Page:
Re: Robots in my future?
Mydesign   12/18/2012 11:49:22 PM
NO RATINGS
1 saves
Warren, robots have only one language, which is used for programming it. So anybody from any corner of the world can use it, but we cannot use Mexicans like that and it may come under the preview of human rights violation. They are not robots or slaves, so humanitarian concern is an important factor.

warren@fourward.com
User Rank
Platinum
Re: Robots in my future?
warren@fourward.com   12/19/2012 8:13:02 AM
NO RATINGS
Again we look for for the p.c. crap. We hire millions of Mexicans a day in this country for all sorts of tasks. Me saying the obvious is not wrong. It is the truth. So there is no humanitarian concern. There is no human rights violation. The is only the fact that we hire Mexicans to do the very jobs we talk about using robots for. And we don't have a learning curve, an upfront capital expense, there is only one potential programming language to learn (and maybe we don't even have to learn theirs), and we don't have to store them when not in use, etc., etc., etc. it's a fact, Jack. So I'm just saying, available cheap human labor beats most robot jobs, and this removes the need for robots in our homes and personal lives. That's all.

erichv
User Rank
Silver
Re: Robots in my future?
erichv   12/19/2012 10:02:29 AM
NO RATINGS
You gents are in the USA and news from (South) Africa either does not hit your headlines or you don't take note of happenings out here!

Industry and Agriculture is being held ransom for pay hikes up to 600% purely "workers" have gotten into their heads that they have a right to it.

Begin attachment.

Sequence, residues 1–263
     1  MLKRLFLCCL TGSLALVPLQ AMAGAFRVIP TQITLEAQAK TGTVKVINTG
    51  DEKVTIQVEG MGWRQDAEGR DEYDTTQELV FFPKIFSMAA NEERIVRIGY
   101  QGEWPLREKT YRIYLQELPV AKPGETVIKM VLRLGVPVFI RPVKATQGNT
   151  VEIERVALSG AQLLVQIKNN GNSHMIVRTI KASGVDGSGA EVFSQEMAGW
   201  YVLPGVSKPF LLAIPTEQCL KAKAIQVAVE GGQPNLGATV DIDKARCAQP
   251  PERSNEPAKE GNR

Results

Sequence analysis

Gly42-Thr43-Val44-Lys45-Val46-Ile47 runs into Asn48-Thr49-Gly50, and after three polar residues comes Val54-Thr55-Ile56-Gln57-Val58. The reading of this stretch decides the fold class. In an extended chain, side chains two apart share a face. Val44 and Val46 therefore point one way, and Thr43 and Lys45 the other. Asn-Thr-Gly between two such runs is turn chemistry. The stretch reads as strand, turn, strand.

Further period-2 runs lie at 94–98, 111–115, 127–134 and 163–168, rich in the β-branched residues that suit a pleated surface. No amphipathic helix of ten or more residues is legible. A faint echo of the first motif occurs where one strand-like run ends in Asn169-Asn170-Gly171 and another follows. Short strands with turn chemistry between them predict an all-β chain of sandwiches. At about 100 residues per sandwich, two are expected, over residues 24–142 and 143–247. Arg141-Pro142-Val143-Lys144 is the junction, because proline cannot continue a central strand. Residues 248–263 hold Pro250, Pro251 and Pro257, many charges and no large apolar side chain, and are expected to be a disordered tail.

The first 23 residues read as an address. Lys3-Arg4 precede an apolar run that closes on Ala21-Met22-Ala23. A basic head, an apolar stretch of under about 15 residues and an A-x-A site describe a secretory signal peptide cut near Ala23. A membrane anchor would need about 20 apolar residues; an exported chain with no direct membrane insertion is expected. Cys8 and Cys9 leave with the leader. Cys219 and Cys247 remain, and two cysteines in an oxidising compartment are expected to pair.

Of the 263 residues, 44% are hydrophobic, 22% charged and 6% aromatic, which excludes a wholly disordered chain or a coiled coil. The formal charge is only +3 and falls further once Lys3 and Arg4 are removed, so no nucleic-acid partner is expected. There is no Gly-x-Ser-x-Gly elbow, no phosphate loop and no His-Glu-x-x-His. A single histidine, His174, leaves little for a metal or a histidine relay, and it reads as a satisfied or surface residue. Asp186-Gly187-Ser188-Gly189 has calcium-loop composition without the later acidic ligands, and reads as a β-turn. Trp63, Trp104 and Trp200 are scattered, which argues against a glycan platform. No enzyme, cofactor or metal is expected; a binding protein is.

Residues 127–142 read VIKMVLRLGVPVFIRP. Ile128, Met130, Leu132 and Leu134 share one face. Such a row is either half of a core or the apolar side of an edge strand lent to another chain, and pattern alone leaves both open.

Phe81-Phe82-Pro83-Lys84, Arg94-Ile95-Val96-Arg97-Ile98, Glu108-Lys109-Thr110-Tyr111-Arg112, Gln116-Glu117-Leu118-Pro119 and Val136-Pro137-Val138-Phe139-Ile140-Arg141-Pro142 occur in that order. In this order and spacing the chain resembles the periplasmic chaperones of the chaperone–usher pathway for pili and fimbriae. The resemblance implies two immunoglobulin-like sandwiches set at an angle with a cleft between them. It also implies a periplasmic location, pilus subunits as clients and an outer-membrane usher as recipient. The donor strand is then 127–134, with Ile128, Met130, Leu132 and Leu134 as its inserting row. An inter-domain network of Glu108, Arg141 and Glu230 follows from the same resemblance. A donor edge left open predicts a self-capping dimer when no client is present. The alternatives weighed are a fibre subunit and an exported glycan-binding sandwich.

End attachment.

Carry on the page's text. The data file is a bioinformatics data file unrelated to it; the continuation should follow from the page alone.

To date, manual labour has been used as, 1) it is available in abundance (II must lie if I claim this to be correct but a number such as 30%+ unemployment is putting it mildly!) 2) it has been cheap to recently, etc.

Furthermore, Industry and Agriculture, apart from making economic sense have the axe of being "Nationalised" and/or Farms being reallocated without due compensation.

Farm salaries have been calmed to be re- addressed in the new year but in all of these sites, "automation" is back in the forefront of the owner's mind.

I suggest you Google around a bit to get a feel of what is going on over here - might happen over there by you as well at some stage!

Key Words to search on: "Marikana" and "de Doorns"

SA Unemplyment:
http://www.iol.co.za/business/business-news/sa-unemployment-gets-worse-1.1414454#.UNHWRW_FV8E

warren@fourward.com
User Rank
Platinum
Re: Robots in my future?
warren@fourward.com   12/19/2012 10:36:16 AM